Artist Profile: Carla Tilghman

22 04 2011

We haven’t forgotten our loyal readers! Thanks to artist / art historian Carla Tilghman for getting us back on track with a new interview.

Carla Tilghman, "Cells Dancing", cotton, jacquard woven, 2008, 72"h x 56"w

REB: Tell us a bit about your background–schooling, interests, etc.–and about what you’re doing now.

CT: My background, schooling and interests mostly overlap: art, art history and textiles (with a modicum of medicine thrown in there for fun.) I learned to spin and weave when I was 12 and have been playing with fibers ever since. After a 10 year career as a paramedic, I decided that pulling all nighters was getting a bit old (we worked 24 hour shifts) and so I returned to school to study art history and textiles. In 1999, I earned an MA in Art History from the University of Kansas and in 2004, I completed my MFA in Studio Arts from Kent State University.
Right now, I am teaching art and art history as an adjunct and working on a History of Textiles textbook.

REB: How does feminism inform your work?

CT: Oddly. I have certainly explored my body in my artwork (my ovaries, my pregnant body, my personal body-image issues.) But I also find that feminism increasingly influences my teaching and my political activity. I am more actively advocating and campaigning for women in education, especially part-time educators, who are predominately female.

REB: Do you think that your fiber art (or fiber work by other artists) can be read as a feminist intervention into the idea of “women’s work”?

CT: As a Textile Historian, I see many of the current ideas about textiles as ‘female work’ as a misunderstanding or a misreading of much of the history of textile production. Historically, there is nothing inherently female about textile work. In most cultures, both men and women have engaged in textile and clothing production.
I use fibers because I love the way they feel, look, smell and taste. I have since I was a small child, playing with the cloth strips one of my babysitters used to make rag rugs. It’s about the hand work and the tactile connection with my materials. (Ceramics is equally interesting to me, but the clay dries my hands out unmercifully.)

REB: Do you enter into the fine art – craft hierarchy debate, and if so, how?

CT: I really dislike Leonardo da Vinci sometimes. It’s his fault that ‘craft’ started to take on a pejorative cast. He wrote about the nature of painting, sculpture and architecture as ‘fine’ arts to separate them from the craft guilds and allow painters (in particular) to garner higher wages. And yes, he spoke of the spark of genius (male) necessary for the finer arts. Bastard.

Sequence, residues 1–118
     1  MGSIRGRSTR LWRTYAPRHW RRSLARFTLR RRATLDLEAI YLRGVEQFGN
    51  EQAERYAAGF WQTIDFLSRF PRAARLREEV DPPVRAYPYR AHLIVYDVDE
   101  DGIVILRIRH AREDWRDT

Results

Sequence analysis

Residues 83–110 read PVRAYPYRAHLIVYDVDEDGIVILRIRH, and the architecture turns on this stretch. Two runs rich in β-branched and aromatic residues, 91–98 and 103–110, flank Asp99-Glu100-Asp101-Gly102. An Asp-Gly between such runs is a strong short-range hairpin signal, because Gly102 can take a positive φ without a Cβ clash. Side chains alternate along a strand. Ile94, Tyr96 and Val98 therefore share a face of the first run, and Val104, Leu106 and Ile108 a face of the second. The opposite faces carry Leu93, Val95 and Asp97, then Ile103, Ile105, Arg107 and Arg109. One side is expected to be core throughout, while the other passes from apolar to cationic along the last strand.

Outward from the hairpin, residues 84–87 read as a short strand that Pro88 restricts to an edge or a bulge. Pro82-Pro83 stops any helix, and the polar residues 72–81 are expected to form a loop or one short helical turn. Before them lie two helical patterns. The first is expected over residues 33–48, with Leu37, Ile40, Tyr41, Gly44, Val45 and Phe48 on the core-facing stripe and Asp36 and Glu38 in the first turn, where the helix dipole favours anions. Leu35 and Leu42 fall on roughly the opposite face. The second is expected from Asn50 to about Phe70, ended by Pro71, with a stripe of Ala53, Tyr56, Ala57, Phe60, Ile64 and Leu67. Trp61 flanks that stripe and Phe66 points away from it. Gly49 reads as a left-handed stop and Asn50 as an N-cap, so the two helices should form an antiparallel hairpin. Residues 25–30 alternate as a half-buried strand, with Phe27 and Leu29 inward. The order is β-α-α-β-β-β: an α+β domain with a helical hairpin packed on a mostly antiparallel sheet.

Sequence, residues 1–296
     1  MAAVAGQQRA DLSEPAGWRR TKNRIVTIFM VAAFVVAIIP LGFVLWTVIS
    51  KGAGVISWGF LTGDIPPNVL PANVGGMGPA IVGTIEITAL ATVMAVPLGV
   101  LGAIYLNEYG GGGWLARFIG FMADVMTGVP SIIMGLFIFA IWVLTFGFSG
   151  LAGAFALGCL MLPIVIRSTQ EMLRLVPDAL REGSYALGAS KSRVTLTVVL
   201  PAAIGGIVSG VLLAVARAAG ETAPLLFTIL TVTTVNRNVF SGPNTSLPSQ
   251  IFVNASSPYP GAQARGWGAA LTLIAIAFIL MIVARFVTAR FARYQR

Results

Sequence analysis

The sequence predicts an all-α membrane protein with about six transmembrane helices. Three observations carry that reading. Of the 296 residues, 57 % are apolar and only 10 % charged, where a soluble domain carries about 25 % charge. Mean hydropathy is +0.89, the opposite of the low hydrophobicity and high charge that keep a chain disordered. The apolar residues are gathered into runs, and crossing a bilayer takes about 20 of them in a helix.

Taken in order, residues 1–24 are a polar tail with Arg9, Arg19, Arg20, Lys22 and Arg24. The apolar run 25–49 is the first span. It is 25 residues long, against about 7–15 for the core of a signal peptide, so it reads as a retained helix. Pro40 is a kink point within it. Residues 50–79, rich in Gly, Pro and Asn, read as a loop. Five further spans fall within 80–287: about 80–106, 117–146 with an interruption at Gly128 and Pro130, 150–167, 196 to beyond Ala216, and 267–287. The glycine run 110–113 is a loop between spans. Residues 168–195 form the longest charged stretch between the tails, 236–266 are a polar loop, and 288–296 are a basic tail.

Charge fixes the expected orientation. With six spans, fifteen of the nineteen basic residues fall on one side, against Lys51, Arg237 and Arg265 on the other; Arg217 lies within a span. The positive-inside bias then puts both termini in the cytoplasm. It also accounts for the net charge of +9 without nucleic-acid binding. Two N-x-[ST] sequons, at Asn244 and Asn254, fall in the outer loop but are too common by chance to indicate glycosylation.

Art is art. Most of us are drawn to our process. Painters like the way paint feels as the paintbrush slides across the canvas; potters like the way that clay molds to form 3-D shapes. I like the way threads come together to form visually intriguing cloth. Printers, sculptors, video artists, jewelers, performance artists, glass blowers, body artists…. we are all interested in our process and our materials.

REB: Some feminist artists in the 1970s attempted to reclaim materials denigrated as feminine and to revalue craft traditions. Do you find those efforts still relevant today?

CT: Again, I find that there are misunderstandings about the history of craft and the materials used. The 70s feminists were looking mostly at the nineteenth century, heavily Victorian interpretation of women’s work. What I’m most interested in is educating people about the history of the different fiber process and looking at the intriguing gender divisions, which are often unexpected. I have a lovely picture of a French sheep herder standing on stilts, knitting. What a great way to pass the time while watching your flock!!
I find the exercise of reviving crafts lovely. I have a sprang sweater (a prehistoric method of twining and looping threads) which is darned comfortable. I find the process of researching the history of textiles (without the Victorian eyeglasses) to be fascinating and illuminating.

REB: As an educator, how do you approach feminism / feminist art with your students? Have you changed your approach over the years? Do you discuss gender issues differently in your online classes than in a face-to-face format?

CT: I find that my approach over the years has become more pointed and assertive. I am now more likely to ask my students challenging questions about their prejudices and biases. By basing those questions in the course material, we can have a productive conversation about perception.
The tone of conversation in online and face-to-face classes can vary (the difference between a class discussion vs the more linear online format), but I ask the same kinds of questions. I am quite blunt about my feminist stance and the need for students to become aware of gender disparities. I ask the same kinds of questions about issues of sexuality and race.
The history of textiles and clothing is filled with a rich variety of gender issues which always lead to fascinating conversations.




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